Simple ways to maximize your Social Security benefits

Social Security applicants now have fewer filing options than they had in the past, but there are still some strategies that can help you maximize your benefits for yourself and your loved ones.

The first thing you need to understand about Social Security is that when you file for one type of benefit, such as a spousal benefit, the Social Security Administration will deem you to have filed for every type of benefit for which you're eligible, including spousal, family, or individual benefits. This means that you can no longer file for just one type of benefit if you're eligible to receive at least two types of benefits. It will also begin paying you an amount that is approximately equal to the largest of these benefits unless you opt to suspend your benefits. If you suspend them, then you will not receive payments until a time of your choosing or your maximum retirement age.

The best solution

Generally, the best choice you can make when it comes to maximizing your Social Security benefits is to wait until you have reached the maximum retirement age of 70 to begin taking them. If your full retirement age is 66 and your Social Security benefit at full retirement age is going to be $2,000 per month, then you will receive 32% more, or $2,640 per month, at age 70. If you live to be 90 years old, then you will receive a total benefit of $576,000 over 24 years if you take benefits at your full retirement age, whereas you will receive a total of $633,600 over those 20 years if you wait to take benefits at the maximum retirement age.

That said, some people will still be better off taking Social Security earlier, particularly those with shorter projected longevity. Those who have spouses who earn more than they do may also come out ahead by claiming their benefits early and allowing their spouse to suspend his or her benefits until they reach the maximum retirement age.

If you are single, or if you are divorced and were married for at least 10 years and do not plan to remarry, then waiting until age 70 is virtually always the best choice. You can collect a spousal benefit once you reach full retirement age and suspend your own benefit until you reach age 70. If you are widowed, then you can collect survivors benefits at age 60 (or 10 years sooner if you are disabled) and suspend your own benefit until age 70, allowing it to accumulate delayed-retirement credits.

Suspension of benefits and the four-year window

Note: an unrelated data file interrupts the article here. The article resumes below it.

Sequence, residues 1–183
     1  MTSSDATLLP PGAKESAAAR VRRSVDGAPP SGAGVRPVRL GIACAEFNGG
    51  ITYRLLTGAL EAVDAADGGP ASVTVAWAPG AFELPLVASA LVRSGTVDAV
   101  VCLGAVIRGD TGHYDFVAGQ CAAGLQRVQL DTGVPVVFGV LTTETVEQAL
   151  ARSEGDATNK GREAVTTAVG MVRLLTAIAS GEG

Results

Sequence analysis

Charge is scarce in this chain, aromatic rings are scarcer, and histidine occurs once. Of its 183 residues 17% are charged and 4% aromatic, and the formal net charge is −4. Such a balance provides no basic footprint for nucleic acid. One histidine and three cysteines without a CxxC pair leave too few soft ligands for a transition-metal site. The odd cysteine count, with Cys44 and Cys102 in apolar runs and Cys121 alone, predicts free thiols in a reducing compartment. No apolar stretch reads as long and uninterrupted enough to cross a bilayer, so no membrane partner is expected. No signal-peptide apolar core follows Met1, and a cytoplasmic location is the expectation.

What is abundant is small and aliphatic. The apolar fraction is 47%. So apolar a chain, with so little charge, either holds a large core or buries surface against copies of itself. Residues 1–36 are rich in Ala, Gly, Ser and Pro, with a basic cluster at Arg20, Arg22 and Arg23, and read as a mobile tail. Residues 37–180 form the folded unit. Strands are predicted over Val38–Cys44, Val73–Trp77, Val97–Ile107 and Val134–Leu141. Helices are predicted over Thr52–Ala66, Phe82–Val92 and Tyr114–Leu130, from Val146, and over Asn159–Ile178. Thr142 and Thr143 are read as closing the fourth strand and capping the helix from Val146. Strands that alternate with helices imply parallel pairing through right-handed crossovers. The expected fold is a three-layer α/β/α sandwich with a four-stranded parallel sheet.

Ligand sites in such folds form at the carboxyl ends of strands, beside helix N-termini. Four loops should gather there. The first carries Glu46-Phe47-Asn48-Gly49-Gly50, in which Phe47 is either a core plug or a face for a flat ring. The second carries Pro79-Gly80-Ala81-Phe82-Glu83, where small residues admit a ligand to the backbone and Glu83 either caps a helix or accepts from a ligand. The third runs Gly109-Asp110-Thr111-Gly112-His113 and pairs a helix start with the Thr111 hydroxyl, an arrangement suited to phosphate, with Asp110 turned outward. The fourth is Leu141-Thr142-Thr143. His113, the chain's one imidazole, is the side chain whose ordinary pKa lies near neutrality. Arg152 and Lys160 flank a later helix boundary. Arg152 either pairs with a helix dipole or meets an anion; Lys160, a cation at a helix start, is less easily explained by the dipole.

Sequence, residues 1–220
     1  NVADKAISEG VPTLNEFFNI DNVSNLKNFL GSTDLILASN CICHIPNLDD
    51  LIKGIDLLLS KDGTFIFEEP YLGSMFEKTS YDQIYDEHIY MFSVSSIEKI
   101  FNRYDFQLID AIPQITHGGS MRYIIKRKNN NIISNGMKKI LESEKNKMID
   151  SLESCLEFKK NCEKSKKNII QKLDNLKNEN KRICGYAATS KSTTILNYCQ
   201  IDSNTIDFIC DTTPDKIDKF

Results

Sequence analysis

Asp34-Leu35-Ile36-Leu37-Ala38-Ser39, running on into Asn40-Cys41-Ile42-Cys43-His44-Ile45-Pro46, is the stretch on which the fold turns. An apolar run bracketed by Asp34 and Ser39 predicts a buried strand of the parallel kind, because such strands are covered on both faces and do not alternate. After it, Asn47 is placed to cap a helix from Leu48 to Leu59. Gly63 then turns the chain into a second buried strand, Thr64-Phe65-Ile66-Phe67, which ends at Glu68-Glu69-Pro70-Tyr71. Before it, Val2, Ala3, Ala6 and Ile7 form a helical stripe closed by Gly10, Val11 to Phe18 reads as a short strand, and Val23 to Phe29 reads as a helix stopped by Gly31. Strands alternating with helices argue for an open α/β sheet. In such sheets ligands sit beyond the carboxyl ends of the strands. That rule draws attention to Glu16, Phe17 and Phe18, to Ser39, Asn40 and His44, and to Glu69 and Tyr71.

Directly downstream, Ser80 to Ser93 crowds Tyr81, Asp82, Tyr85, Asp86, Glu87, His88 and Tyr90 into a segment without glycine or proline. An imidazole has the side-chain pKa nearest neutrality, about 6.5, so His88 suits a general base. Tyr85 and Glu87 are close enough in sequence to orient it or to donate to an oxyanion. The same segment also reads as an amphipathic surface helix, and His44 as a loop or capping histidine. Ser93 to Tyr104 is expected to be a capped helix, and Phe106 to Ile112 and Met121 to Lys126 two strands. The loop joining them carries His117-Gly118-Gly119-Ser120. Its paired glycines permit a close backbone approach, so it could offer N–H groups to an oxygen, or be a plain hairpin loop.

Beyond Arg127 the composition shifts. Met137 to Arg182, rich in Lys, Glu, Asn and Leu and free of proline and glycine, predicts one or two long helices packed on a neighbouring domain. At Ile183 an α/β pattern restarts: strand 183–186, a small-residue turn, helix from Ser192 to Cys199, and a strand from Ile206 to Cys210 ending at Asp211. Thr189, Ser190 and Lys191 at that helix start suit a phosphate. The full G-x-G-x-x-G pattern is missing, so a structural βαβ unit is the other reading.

If you were born after Jan. 1, 1954 and you began taking Social Security retirement benefits early, then you can still suspend your benefits when you reach full retirement age and allow them to grow by 8% each year until age 70. However, your spouse will not be able to collect any type of spousal benefit off of your record in the meantime. If you are married and your spouse is at least four years older or younger than you, and the younger of the two of you turned 62 by the end of 2015, then he or she can still file for a full spousal benefit after reaching full retirement age and suspend their own individual benefit until they reach the maximum retirement age.

If you are a divorced spouse who turned 62 before Jan. 1, 2016, then you can still claim spousal benefits based upon your ex-spouse's earnings, even if your ex has elected to suspend their benefits. You can then suspend your own benefit until you have reached the maximum retirement age if you so choose.

Complex issues

If you and/or your spouse does not exactly meet any of the criteria listed here, then you probably need to enlist a professional to help you determine the option that is best for you. Filing for Social Security benefits can be a tricky proposition in many cases, and several factors, such as your job circumstances, other sources of retirement income, and projected longevity, must be considered in order to make the best possible decision. In many cases, you will need to have your advisor run several possible scenarios through a financial-planning program that has been updated with the new filing rules. For more information on Social Security and the filing options that are available for you, visit the Social Security website.

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